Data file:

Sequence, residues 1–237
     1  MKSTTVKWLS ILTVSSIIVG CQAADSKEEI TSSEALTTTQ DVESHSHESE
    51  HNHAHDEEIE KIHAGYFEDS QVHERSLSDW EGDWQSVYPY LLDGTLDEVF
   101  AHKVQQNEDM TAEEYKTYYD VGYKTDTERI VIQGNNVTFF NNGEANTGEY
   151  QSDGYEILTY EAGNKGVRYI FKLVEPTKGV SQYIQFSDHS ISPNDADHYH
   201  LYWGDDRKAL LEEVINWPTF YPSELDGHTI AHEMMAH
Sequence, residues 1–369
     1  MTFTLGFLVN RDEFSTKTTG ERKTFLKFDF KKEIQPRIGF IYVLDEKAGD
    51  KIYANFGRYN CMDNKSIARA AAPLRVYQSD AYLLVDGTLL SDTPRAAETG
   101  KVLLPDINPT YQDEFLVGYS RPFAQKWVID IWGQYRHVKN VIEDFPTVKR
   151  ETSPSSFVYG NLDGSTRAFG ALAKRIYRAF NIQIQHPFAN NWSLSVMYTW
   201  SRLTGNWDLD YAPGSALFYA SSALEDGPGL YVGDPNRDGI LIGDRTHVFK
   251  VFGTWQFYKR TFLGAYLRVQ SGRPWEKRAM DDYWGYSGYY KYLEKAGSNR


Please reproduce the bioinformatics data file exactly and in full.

Sequence, residues 1–237
     1  MKSTTVKWLS ILTVSSIIVG CQAADSKEEI TSSEALTTTQ DVESHSHESE
    51  HNHAHDEEIE KIHAGYFEDS QVHERSLSDW EGDWQSVYPY LLDGTLDEVF
   101  AHKVQQNEDM TAEEYKTYYD VGYKTDTERI VIQGNNVTFF NNGEANTGEY
   151  QSDGYEILTY EAGNKGVRYI FKLVEPTKGV SQYIQFSDHS ISPNDADHYH
   201  LYWGDDRKAL LEEVINWPTF YPSELDGHTI AHEMMAH
Sequence, residues 1–369
     1  MTFTLGFLVN RDEFSTKTTG ERKTFLKFDF KKEIQPRIGF IYVLDEKAGD
    51  KIYANFGRYN CMDNKSIARA AAPLRVYQSD AYLLVDGTLL SDTPRAAETG
   101  KVLLPDINPT YQDEFLVGYS RPFAQKWVID IWGQYRHVKN VIEDFPTVKR
   151  ETSPSSFVYG NLDGSTRAFG ALAKRIYRAF NIQIQHPFAN NWSLSVMYTW
   201  SRLTGNWDLD YAPGSALFYA SSALEDGPGL YVGDPNRDGI LIGDRTHVFK
   251  VFGTWQFYKR TFLGAYLRVQ SGRPWEKRAM DDYWGYSGYY KYLEKAGSNR